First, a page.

IT’S the jingles at Mercadona, a short stroll to his padel club and, of course, the goldfish bowl g&ts which will be sorely missed when Laurence Dollimore returns to Blighty

It’s common knowledge among expats that if you survive your first five years in Spain you will never look back. 

But just days before reaching this milestone I’ll be on a flight home to Blighty to start a new chapter in London. 

And while the hustle and bustle of the capital excites me, there are parts of Spanish culture I will sorely miss. 

It goes without saying this includes the 300-plus days of sunshine and the cheap tapas and cañas after a hard day’s work – which Shoreditch and its ilk have repeatedly tried and failed to replicate.

But while we all love Spain for it’s great food and weather, it’s the every-day normalities I will find most lacking in London.

I will no longer say ‘hola’ – or ‘hello’ – to strangers in a shop or on the street, and definitely not on the tube, unless I want to be sectioned. 

I will no longer go for churros on a Sunday morning, or enjoy late night walks without having to look over my shoulder.

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Coffee will be overpriced and served in far too large of a cup, and I won’t receive marinated olives or ‘cho chos’ with each round of drinks (be careful when you’re ordering the latter, if you know, you know). 

There won’t be an independent tapas bar on every corner, but a Pret A Manger or McDonald’s. 

And when I ask for a gin and tonic it won’t be served in a fish bowl, but probably a test tube glass, and I’ll be asked ‘single or double?’ – perdona?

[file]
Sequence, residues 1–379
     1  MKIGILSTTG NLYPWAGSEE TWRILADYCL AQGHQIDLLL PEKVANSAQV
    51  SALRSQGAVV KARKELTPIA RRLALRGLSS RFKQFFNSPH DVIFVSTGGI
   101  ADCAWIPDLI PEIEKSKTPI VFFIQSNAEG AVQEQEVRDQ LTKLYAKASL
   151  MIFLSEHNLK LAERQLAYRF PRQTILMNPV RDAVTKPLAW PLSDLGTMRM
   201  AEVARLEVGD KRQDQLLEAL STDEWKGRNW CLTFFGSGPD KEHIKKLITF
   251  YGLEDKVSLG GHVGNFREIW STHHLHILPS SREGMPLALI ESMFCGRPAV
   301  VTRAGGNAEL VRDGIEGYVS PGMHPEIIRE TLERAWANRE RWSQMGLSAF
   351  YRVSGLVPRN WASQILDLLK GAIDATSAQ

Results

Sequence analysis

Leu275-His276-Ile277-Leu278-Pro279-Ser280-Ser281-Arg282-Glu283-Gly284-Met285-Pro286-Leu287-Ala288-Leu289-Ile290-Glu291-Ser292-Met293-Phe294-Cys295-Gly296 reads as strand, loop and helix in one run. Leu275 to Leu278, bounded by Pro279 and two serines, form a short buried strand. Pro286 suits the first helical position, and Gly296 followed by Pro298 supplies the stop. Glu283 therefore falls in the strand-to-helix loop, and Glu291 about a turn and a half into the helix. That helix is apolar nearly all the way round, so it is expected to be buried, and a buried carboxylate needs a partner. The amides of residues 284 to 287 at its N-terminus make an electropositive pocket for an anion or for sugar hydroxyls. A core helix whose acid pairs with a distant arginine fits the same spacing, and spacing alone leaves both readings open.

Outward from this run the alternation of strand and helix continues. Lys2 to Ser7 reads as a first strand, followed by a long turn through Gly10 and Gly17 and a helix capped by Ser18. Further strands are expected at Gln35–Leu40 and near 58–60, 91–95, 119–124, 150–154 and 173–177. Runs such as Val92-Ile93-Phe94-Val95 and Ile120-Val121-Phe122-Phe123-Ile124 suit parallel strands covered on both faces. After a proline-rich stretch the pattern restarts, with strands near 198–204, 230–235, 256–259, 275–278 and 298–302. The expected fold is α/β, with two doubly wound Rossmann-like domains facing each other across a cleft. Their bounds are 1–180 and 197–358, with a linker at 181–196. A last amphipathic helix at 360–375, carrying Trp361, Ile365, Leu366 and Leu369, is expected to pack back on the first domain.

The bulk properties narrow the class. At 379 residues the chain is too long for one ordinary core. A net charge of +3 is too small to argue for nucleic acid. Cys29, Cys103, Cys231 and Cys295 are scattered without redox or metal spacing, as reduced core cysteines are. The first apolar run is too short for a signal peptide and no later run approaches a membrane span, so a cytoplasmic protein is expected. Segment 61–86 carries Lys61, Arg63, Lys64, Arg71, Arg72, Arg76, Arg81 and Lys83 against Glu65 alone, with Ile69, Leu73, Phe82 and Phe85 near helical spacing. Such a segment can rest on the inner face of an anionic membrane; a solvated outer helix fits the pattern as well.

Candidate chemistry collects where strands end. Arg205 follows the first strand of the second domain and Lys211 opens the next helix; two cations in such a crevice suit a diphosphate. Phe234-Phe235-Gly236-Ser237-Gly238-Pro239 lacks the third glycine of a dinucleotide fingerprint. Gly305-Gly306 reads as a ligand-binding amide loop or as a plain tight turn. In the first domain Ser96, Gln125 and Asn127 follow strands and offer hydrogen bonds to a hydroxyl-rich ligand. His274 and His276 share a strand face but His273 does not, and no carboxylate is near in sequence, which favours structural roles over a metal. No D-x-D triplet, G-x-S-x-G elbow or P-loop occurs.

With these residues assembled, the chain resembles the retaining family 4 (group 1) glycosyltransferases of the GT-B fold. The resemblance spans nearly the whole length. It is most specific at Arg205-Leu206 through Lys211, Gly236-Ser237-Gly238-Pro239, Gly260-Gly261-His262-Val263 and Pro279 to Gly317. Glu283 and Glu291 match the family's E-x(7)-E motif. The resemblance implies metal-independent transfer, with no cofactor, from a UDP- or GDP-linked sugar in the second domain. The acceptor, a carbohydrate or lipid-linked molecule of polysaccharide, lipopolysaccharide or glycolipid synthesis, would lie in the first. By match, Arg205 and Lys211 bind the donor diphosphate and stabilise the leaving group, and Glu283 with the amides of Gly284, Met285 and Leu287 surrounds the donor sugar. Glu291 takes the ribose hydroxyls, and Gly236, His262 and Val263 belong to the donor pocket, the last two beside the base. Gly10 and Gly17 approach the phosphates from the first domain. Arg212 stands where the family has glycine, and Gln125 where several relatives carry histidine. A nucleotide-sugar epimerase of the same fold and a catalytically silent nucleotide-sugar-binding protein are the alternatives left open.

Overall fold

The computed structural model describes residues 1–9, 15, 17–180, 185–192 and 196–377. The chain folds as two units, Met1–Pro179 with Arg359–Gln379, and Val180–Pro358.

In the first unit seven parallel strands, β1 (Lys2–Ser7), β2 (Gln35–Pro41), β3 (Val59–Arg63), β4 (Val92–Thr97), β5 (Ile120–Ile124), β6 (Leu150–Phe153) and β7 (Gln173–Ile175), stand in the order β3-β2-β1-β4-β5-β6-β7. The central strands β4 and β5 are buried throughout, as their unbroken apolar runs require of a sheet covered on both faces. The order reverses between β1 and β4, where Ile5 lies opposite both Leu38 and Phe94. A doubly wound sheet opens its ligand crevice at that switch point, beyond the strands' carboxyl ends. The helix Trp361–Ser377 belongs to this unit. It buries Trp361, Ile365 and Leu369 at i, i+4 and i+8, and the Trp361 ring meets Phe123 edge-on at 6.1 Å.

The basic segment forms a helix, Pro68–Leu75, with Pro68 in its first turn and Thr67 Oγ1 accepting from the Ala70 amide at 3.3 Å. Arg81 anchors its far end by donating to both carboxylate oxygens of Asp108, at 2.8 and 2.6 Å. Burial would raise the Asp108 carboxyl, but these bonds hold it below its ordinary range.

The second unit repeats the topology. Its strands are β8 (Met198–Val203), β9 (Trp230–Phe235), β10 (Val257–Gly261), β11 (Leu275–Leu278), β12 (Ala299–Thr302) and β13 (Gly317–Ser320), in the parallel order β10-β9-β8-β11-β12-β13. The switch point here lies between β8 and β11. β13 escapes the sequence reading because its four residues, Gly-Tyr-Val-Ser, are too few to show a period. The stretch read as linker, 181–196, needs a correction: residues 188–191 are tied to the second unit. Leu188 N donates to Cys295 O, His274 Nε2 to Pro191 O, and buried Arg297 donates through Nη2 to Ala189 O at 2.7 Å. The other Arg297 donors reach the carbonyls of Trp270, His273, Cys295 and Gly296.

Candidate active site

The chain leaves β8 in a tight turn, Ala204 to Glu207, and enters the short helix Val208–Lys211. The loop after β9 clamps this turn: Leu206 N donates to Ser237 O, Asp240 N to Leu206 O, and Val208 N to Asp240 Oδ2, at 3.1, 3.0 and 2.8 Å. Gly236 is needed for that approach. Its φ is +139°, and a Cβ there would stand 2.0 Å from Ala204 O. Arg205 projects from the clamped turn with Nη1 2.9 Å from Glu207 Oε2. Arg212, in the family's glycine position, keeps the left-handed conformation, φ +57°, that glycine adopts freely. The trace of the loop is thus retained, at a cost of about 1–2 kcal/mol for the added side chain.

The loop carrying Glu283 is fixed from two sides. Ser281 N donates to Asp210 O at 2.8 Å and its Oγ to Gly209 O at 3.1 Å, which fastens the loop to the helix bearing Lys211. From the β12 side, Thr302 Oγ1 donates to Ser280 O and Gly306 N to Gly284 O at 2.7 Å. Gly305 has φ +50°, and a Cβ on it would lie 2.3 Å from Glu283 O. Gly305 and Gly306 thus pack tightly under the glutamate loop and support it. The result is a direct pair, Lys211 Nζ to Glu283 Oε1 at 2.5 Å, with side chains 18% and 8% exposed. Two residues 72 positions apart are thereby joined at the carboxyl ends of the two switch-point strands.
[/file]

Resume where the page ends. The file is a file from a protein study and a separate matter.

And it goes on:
I will no longer have everything I need just a short walk away, including my padel tennis club. 

And I won’t get that blissful end of September feeling when the tourists go home and we have an Indian summer and we get our beaches all to ourselves. 

And what will replace my local summer feria and Semana Santa processions? 

Let’s be real, I’m sure London can offer up enough culture for me to get my fix. Let’s face it Notting Hill Carnival is one hell of a party, if it’s allowed to take place. 

And moving back home won’t be all bad. One thing I will appreciate is the efficiency of the UK. 

At least I will have reliable public transport (mostly), banks will open past 3pm and I will never again be forced to endure Spanish bureaucracy – those of you who have had an ITV or been through the residency process will know the pain I speak of. 

But what will I do without Mercadona and its catchy jingle? The supermarkets at home just don’t spark the same amount of joy. 

At least when I’m driving I’ll be safer, as unlike in Spain, drivers know how to use their indicators.

I’ll also no longer fear being taken out by a bus on the motorway, which is where their stops are often conveniently placed along the Costa del Sol. 

Jokes aside, it’s been an incredible five years in Malaga (with a few months in Sevilla) and I’ve met some amazing people in the expat community during my time as an investigative reporter.

Yes, I have caught paedophiles and exposed countless crooks and fraudsters, but they are just a small minority and do not represent the community, which is made of mostly good, honest and hardworking people. 

If the job market was as competitive as back home, there would be no chance of me leaving. 

But alas, no country has it all, although Spain comes pretty damn close. 

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